CANNES 2019: The Marché’s Cannes XR focused on the options that location-based entertainment can explore in a bid to survive, evolve and, just maybe, become the future of VR
Unspooling over six days (14-19 May), Cannes XR, the Marché du Film’s focus on extended reality (which encompasses virtual, augmented and mixed reality), dedicated its second day to the Location-based Entertainment (LBE) Summit. A series of panels kicked off with “The LBE Landscape”, which explained what exactly defines this format. The discussion was followed up by “Creating VR Experiences For Location-Based VR”, which delved into the challenges that studios have to face – as well as the new opportunities available – in order to either create narrative content or adapt it to a commercial setting.
The last panel of the day was “The Business Model For LBE Narrative VR”. Moderated by Will Stackable of SpringboardVR, the experts, Siqi Chen of Sandbox VR (Hong Kong), Liz Rosenthal(Venice Film Festival), and Antoine Cardon of France’s DVgroup, attempted to focus on a whole range of options as they explored the current business status of LBE. Starting with the self-evident fact that LBE is more popular as a form of out-of-home entertainment, basically owing to its high equipment cost, Cardon underlined that this format will endure and grow to reach the same level of prestige as the movie format enjoys today after efforts have been made to evolve it. After presenting his IVRT (immersive VR theatre) title The Horrifically Real Virtuality, which is based in a real setting and features real actors interacting with the users/visitors, he stressed that we are close to realising the dream of actually entering a film and being part of it.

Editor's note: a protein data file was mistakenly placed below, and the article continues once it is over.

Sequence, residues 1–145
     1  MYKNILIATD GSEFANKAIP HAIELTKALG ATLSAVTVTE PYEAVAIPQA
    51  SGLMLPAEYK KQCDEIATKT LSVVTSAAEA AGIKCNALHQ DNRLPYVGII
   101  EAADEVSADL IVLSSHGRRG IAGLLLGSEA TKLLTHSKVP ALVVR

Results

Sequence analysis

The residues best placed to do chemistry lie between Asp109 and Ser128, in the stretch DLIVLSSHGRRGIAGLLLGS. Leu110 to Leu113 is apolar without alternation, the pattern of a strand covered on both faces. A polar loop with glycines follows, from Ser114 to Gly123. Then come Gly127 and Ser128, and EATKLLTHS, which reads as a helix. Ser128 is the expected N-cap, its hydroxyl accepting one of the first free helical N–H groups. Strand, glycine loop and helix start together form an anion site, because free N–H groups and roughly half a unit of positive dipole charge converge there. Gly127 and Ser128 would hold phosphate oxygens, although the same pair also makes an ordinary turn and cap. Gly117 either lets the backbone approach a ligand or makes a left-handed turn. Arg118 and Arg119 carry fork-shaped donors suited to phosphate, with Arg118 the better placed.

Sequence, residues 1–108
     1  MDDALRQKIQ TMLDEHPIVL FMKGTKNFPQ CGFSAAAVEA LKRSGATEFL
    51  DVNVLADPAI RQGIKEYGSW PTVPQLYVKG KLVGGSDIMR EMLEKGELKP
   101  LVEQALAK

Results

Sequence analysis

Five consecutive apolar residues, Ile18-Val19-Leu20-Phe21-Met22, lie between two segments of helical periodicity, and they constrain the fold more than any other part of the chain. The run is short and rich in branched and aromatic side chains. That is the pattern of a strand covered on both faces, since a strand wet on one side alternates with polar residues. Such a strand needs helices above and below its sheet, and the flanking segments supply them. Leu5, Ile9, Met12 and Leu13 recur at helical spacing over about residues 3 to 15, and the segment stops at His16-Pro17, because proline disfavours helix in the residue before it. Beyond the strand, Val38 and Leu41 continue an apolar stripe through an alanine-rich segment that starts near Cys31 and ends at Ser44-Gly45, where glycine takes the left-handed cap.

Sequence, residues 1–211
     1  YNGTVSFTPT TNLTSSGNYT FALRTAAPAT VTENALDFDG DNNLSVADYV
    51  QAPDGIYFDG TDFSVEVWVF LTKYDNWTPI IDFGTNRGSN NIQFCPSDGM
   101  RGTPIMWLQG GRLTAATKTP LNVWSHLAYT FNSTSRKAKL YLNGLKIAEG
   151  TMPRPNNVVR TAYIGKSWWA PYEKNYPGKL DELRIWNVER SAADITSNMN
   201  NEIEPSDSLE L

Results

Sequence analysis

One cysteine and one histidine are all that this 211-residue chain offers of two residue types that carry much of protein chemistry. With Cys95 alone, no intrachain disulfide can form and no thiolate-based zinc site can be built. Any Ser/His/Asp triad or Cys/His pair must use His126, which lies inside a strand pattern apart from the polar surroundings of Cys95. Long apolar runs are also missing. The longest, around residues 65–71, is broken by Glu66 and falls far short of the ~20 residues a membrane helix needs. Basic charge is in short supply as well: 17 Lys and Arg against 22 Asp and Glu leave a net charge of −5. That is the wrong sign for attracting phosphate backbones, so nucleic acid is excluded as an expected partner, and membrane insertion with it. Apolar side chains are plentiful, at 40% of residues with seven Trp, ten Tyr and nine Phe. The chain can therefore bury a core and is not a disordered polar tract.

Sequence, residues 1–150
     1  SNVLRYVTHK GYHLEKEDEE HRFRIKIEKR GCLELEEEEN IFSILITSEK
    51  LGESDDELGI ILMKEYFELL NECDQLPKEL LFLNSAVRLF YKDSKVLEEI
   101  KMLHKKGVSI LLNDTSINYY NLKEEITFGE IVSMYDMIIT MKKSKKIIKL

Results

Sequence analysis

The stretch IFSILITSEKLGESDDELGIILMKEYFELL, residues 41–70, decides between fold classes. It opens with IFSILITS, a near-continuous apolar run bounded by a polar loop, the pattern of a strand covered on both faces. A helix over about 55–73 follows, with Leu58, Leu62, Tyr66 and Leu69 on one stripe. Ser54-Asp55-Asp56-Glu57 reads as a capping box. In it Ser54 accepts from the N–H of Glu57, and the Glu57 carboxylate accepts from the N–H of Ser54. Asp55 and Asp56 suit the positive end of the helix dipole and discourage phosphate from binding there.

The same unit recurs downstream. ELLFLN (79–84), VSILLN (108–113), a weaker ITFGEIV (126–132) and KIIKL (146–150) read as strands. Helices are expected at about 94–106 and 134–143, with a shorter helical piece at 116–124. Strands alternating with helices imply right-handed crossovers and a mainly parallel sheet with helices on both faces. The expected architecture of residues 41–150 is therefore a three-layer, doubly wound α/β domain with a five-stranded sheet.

Rosenthal, meanwhile, focused on the current difficulties standing in the way of LBE experiences because, more than any other format, they need to be exhibited – properly and with the correct equipment – and then distributed. For that reason, Venice is the only A-list festival that has already put VR on an equal footing with other film formats, as it has its own official competition. In her view, festivals can, and should, play that role in order to evolve the format. Speaking about this evolution, Chen mentioned that the market is now ready to adapt and accept the new implementation methods.
The panel agreed that a more active business model had to be developed, as practically speaking, this content hasn’t yet found its audience. Gaining a foothold at festivals is the first step, but still, narrative LBE – in contrast with games, which are more widely accepted and have a broader reach – needs a more costly repackaging, as it can’t be deployed that easily. This is a complex equation that needs to be solved, as the deployment framework is not yet active and has not been extensively tested. Building an ecosystem is the most important factor. Cardon noted that, when it started, cinema was just a form of entertainment for cafés and took many decades to actually find investors, its own grammar and language and, of course, rooms for its exhibition: today’s cinemas.
Apart from the difficulties, the panel also underlined the social value of LBE, which is also its biggest selling point. Users experience the content in groups of friends or with their families, and by socialising, they spread the word and invite more people from their circles to participate as well. So, since it’s still hard – or even impossible – to have access to this entertainment at home, the audience is finding new reasons to explore LBE. At the moment, malls have embraced the technology more than anyone else, and they are thus practically on the front line. Chen mentioned that in China, more malls are using an operating model that focuses on entertainment, rather than shopping, and this trend is giving the first indications of what the market will be like, at least in Asia.
The final remark was related to the high cost of production as a way of justifying the cost of the tickets, as well as ease of access when it comes to this technology. But everyone agreed that attracting people and selling a story are both hard, especially if the story is not good, as the market could then be negatively affected. In the end, as is the case with any other market, it’s all about the format, and if this is well made, then the audience will come and then subsequently return.